Alice Bishop

Alice Bishop is a short story writer. A Constant Hum - about the Black Saturday Fires - is her debut collection. The work was nominated for the 2019 Readings Prize for New Australian Fiction, and the origins of the work were commended in the 2015 Victorian Premier's Literary Award for an Unpublished Manuscript, as well as the inaugural Richell Prize and the 2017 Kill Your Darlings Unpublished Manuscript Award.

Her essay 'Coppering' was shortlisted in the 2017 Horne Prize. Alice's other pieces have been published by MeanjinOverlandAustralian Book Review, Seizure, Voiceworks and Lip Magazine.

Alice Bishop_The Garret_2019


ASTRID: Alice Bishop's short stories and essays have been published in Meanjin, Southerly, Griffith Review, Overland, Voiceworks and many more. Her first collection, A Constant Hum, was published in July and only three months later has already hit a third reprint. Alice, welcome to The Garret.

ALICE: Hi Astrid, thank you so much for having me. I'm a big fan of The Garret, and it's kept me going on many office days, so I feel very lucky to be here. Thank you.

ASTRID: That is lovely to hear, and thank you Alice. I have to start with congratulations. I interview a lot of writers and this short story collection stopped me in my tracks when I sat down to read it. Three reprints in three months for a debut author is fantastic. Well done.

ALICE: Thank you. Yeah, it's been a big couple of months, but you work on something for so long, and to even get any kind of... have people have a connection with it, is worth more than any prize or any any kind of money. So thank you.

ASTRID: How long did it take you?

ALICE: I often think that I started it in my head the weekend of Black Saturday. So that was... most listeners will know that was February in 2009, so it's about 10 years ago. I guess I really started putting words down in 2012, when I quit my awful fashion retail job and went back to study at Melbourne Uni, went into a lot of HECS debt and got really inspired by teachers like Tony Birch, Amanda Johnston and Antonia Pont. A Constant Hum started as a thesis for that course.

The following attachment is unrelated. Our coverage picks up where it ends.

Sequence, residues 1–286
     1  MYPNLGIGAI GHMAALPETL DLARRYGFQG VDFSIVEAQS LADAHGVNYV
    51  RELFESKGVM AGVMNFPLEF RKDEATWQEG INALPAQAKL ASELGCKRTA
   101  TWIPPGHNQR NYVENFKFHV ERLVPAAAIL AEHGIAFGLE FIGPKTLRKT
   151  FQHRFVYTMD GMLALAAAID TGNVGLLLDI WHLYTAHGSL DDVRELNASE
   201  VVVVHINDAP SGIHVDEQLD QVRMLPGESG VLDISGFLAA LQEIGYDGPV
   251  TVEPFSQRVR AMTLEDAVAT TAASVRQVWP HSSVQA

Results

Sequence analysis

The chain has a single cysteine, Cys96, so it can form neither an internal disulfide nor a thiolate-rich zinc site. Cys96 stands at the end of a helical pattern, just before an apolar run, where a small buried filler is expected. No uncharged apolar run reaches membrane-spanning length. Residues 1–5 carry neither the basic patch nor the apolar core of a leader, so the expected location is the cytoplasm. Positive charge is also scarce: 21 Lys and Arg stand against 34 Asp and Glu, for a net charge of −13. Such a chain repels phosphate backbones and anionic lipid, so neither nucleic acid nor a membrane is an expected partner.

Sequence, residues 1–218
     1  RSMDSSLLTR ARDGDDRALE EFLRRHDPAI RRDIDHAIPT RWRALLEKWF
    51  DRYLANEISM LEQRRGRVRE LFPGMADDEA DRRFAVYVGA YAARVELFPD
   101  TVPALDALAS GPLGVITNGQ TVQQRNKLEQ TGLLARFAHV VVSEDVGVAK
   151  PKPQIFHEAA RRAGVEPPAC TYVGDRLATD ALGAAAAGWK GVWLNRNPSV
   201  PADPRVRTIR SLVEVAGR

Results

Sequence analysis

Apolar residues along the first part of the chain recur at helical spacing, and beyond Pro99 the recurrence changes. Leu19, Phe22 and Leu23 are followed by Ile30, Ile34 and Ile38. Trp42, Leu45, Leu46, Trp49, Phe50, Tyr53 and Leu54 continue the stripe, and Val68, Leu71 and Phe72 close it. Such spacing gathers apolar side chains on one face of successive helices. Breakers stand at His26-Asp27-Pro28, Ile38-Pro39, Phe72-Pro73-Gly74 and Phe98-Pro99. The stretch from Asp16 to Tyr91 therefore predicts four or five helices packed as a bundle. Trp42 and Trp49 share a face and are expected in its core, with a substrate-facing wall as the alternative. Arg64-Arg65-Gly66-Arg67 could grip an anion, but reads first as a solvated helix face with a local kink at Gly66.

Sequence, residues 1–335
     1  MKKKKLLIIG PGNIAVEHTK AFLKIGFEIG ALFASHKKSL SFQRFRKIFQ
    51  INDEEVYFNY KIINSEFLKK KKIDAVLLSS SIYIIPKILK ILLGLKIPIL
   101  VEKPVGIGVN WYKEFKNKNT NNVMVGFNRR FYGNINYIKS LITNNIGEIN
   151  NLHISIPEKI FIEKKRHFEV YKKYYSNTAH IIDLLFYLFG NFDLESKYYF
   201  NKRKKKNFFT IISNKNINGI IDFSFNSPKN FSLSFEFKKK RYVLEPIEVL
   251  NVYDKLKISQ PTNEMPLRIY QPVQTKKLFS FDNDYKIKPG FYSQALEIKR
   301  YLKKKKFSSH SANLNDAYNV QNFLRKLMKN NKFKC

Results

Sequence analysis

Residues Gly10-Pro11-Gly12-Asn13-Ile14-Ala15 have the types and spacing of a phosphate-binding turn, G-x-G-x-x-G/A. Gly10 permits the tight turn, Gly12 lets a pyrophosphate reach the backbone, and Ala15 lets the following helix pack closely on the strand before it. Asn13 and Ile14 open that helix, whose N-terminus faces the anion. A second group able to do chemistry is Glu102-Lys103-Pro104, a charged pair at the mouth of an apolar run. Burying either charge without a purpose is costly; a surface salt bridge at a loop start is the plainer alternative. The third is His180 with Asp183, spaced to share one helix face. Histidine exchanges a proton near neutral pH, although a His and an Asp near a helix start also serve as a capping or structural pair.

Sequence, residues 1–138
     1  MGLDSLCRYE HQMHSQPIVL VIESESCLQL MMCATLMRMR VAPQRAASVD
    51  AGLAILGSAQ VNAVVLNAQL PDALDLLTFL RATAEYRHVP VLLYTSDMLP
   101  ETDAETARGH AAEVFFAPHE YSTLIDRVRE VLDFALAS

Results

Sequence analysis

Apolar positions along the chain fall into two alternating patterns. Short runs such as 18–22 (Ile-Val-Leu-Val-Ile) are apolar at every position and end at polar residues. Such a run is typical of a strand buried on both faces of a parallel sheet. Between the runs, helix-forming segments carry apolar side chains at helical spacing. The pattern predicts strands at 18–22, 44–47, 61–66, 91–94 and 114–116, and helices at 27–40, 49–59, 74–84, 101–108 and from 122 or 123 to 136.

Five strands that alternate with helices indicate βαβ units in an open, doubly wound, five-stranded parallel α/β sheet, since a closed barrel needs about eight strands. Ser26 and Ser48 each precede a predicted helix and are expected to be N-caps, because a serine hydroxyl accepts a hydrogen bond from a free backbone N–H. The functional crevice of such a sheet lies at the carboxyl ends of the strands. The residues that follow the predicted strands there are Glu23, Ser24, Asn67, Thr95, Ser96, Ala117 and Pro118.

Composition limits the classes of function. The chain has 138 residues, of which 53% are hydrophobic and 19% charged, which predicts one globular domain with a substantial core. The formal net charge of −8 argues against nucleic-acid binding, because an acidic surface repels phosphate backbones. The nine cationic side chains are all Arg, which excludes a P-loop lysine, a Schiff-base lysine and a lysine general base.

ASTRID: Was that a Masters?

ALICE: It was a Masters,. it was a Masters of Creative Writing, Publishing and Editing.

ASTRID: Fantastic. I teach at RMIT, so I love it when students start something at university but then it becomes a work that we can all engage with and part of Australian literature.

I'd like you to set the scene for us. Some of the pieces in A Constant Hum are very short, so I'd like you to read the first very very short piece in the collection, 'Horses', for us.

ALICE: Sure. 'Horses'.

There were still reports, years later, of the horses that night: their coats matted and sweet from sweat in smoke-blurred headlights.

ASTRID: It's so short. And for me, as somebody who didn't experience the fires, it immediately gives me a small insight and access to something that I never would have thought about. I never would have thought about the horses at the time. Can you tell me about creating that kind of insight in just a few lines?

ALICE: Yeah. I think something as big as the bushfires of Black Saturday were really hard for me as our house burnt down on the day, and pretty much the whole ridge of where I grew up was obliterated within a matter of, you know, 20 minutes. And the fallout from that was so huge and the ripple effects from such a big kind of climate-flared event like that, it takes years and years and years for people to come to terms with that, if they ever do, I guess.

And that image of the horses on Black Saturday really stuck with me, because there was a news report about a lot of horses and livestock with charred muzzles and sweaty coats and all these kinds of things, these really visceral images of the animals that people had left out of their paddocks in a last minute attempt to save them I guess. This is there's a story towards the end of Hum, which I'm probably not giving much away, but I'm going... where a woman in an act of great strength I think, she shoots her horses in an act of kindness before the bushfires come. And I think the image of livestock, the image of animals, was something I wanted to weave a lot through the book because it really captures those difficult decisions that a lot of people had to make as a necessity, and those difficult decisions haunt people for many more years after the fires.

And I do remember reading an article that I referred to earlier about a woman who... she chalked her mobile phone number into her horses hide before she fled in her car, and scared them off and just hoped that they would find somewhere safe. And I mean the likelihood is that they didn't, but that small image of hope is something that I hope Hum captures in a way in some sense.

ASTRID: As a writer, how do you know when a piece is complete?

ALICE: That's the endless question! I think you need a good editor and I think you need to put it away for a bit. I often need to put it away and come back to it with fresh eyes, because you can either have heaps of self-doubt or you can think it's the best thing ever. I think it's complete if you come to it with fresh eyes and it's still kind of thumps you in the chest a bit, I think.

ASTRID: I'd like to explore that a little bit further. For a piece that is two or three lines that can be so evocative - and for the reader, for myself, it does feel complete, you've given me this entire idea or this entire way of appreciating something that I didn't experience myself, but I'm not a short fiction writer. How do you go to an editor or go to a literary journal with a piece that is five words long or less and say, 'this is an entire short story'?